My Review | The Narrow Road to the Deep North

The Narrow Road to the Deep NorthThe Narrow Road to the Deep North by Richard Flanagan
My rating: 3 of 5 stars

I am many times drawn to a book based on its cover. The graphical design of the cover or the actual tactile feel of the cover. With this book, I had to also consider the super cool title. The Narrow Road to the Deep North. That’s cool. Hemingway-esque, I’d say, but it’s actually taken from a 17th century Japanese poem.

The author based the story on true life events, partially on his Australian father’s experience as a Japanese prisoner of war. This book is brutal. At first you learn about the lead character, Dorrigo Evans, his life and his affair with a married woman. There’s foreshadowing about a character named Darky Gardiner. When Dorrigo leaves Australia, enters the war and gets captured, then you get into the bulk of the book. The prisoners who are starving and beaten regularly are asked to build a railway, which becomes known as the Burma Death Railroad because one of three POWs, who work on it, die. There is a chapter where you get to meet Darky and he’s a pretty cool dude and soon thereafter he is beaten mercilessly. Dorrigo is a doctor and the leader of the prisoners. He has to make ridiculously difficult decisions regarding the troops, but he manages to maintain, in his mind, a modicum of military decorum on behalf of the troops. He tries to make things better for the men. But he –and they – have to tools, resources, etc. It’s a god-awful circumstance.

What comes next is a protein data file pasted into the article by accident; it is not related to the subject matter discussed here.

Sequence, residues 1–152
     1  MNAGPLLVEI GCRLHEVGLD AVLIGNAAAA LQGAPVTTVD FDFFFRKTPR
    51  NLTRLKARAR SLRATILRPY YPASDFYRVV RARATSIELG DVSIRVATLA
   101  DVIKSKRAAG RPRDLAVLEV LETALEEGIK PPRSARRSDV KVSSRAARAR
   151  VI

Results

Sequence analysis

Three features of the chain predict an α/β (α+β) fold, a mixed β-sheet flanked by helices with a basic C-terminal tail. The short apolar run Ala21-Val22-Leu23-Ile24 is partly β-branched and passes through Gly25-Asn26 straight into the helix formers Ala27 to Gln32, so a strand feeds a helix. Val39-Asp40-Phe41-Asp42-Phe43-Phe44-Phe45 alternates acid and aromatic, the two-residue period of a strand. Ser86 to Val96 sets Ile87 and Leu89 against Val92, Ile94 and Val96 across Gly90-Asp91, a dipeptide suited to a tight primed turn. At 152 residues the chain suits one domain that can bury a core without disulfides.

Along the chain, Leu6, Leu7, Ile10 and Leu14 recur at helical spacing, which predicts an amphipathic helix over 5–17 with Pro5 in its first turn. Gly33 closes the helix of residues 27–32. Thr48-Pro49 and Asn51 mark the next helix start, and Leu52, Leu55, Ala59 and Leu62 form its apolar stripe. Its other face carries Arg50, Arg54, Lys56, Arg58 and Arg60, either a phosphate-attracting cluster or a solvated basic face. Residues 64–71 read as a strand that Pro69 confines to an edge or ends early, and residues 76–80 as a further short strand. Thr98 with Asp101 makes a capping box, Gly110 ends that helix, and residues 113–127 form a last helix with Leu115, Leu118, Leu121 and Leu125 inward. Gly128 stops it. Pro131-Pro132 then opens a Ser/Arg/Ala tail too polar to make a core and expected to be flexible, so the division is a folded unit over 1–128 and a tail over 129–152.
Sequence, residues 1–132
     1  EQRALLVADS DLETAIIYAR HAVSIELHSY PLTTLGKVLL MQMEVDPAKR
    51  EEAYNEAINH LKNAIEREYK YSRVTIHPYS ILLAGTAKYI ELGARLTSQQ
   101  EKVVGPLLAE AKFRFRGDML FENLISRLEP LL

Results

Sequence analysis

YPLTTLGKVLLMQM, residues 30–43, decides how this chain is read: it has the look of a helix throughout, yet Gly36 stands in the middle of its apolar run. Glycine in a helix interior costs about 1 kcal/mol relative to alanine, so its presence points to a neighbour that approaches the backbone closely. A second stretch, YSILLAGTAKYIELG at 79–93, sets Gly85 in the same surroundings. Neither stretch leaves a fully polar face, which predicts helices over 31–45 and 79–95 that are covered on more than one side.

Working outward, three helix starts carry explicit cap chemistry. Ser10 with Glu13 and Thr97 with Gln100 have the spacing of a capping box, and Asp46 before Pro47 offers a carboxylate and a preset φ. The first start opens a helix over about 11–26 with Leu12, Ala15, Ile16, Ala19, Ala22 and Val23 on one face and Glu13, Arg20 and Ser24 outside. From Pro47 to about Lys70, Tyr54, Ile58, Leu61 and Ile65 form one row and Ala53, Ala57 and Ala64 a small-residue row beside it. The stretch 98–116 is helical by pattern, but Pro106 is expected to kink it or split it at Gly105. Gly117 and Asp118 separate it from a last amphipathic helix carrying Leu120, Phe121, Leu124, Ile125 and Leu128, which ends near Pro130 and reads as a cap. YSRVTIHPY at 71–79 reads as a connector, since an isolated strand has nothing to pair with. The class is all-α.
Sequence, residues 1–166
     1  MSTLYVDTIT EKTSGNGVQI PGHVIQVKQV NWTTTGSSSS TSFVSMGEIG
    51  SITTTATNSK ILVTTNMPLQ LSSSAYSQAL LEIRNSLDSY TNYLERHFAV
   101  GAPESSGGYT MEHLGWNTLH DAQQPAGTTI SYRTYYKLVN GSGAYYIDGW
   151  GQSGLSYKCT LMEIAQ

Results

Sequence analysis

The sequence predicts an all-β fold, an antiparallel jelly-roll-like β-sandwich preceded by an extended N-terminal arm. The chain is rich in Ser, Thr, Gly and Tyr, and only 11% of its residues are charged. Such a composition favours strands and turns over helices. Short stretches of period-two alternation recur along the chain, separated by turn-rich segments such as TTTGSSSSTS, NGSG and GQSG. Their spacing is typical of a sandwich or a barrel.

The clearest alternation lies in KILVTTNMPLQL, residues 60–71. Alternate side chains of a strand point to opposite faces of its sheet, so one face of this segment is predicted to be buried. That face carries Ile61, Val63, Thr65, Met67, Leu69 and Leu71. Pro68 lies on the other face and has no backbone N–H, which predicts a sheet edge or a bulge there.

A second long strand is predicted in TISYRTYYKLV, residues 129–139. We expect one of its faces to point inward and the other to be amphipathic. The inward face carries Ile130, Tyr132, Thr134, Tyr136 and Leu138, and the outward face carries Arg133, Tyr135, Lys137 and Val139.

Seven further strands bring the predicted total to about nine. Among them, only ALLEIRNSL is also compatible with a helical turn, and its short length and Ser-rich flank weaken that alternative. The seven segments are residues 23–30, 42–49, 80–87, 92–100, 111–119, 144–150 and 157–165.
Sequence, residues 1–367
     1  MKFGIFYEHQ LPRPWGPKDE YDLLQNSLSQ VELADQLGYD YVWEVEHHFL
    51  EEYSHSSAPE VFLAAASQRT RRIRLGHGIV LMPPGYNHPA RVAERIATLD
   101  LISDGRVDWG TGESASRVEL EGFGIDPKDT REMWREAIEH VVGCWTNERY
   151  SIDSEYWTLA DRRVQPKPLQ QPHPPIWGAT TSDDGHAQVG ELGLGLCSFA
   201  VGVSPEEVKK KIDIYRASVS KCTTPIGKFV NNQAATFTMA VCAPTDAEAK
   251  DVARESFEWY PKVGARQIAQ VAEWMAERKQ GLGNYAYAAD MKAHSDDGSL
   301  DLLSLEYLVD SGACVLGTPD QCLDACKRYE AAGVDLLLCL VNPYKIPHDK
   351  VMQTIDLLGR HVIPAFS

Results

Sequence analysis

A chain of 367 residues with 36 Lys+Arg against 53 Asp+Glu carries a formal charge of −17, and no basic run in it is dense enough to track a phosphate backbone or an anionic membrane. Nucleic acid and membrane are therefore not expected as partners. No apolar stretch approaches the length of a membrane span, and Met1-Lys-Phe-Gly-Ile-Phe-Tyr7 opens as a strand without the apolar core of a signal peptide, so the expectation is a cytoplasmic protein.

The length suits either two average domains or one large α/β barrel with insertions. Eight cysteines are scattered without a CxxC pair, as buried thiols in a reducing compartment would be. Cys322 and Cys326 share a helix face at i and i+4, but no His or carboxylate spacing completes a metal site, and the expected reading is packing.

One section describes in detail a surgery that he performs that is literally gut-wrenching. It’s tough to read, but it’s also important to read what people actually went through. The book also goes into the minds of the Japanese and Korean characters, during the war and also, more importantly, after the war when they are on the run as war criminals. They don’t believe that anything they did to the prisoners was wrong because they were brutalized during their training and their cultural mindset was … it’s better to die by suicide then to become a prisoner of war.

Of course, this book deserves more than three stars. It is an award-winning book. But for me, it was difficult to get through. I can appreciate the quality. But my star-giving comes down to my reading experience. The book earned the 2014 Man Booker Prize, given to the best novel written in English, published in the UK. I’ve read plenty of the previous winners including “The God of Small Things,” “Amsterdam,” “Life of Pi,” “The Sense of an Ending,” and “Lincoln of the Bardo.”

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